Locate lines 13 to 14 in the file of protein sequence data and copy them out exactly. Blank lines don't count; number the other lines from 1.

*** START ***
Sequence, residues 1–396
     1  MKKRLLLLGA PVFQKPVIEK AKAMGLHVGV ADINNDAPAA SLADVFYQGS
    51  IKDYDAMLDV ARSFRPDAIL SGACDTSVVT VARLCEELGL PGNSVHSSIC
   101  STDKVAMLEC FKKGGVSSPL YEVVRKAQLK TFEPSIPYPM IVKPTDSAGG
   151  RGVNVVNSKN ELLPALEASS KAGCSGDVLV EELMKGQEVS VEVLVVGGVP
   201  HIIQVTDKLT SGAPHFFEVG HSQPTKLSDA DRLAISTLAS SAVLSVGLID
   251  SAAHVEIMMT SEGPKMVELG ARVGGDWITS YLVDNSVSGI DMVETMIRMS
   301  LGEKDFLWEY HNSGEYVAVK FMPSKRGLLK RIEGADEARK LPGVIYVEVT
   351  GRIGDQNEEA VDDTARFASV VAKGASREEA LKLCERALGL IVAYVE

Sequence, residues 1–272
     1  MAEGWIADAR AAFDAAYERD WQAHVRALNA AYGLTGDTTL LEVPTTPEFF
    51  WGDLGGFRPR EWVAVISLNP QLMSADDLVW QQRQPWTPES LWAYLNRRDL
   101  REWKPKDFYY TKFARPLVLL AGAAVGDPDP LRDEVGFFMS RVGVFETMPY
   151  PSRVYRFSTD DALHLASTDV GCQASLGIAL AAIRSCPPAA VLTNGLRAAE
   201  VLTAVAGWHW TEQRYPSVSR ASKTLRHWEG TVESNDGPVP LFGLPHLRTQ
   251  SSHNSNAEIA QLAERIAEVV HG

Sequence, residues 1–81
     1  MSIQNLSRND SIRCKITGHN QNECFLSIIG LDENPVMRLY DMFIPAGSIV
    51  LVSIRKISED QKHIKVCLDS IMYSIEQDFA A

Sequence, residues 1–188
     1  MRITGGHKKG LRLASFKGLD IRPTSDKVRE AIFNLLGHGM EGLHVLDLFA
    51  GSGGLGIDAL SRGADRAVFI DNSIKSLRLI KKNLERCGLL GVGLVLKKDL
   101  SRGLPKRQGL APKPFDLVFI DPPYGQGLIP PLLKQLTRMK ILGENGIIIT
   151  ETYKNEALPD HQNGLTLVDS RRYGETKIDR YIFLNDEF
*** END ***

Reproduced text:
   101  REWKPKDFYY TKFARPLVLL AGAAVGDPDP LRDEVGFFMS RVGVFETMPY
   151  PSRVYRFSTD DALHLASTDV GCQASLGIAL AAIRSCPPAA VLTNGLRAAE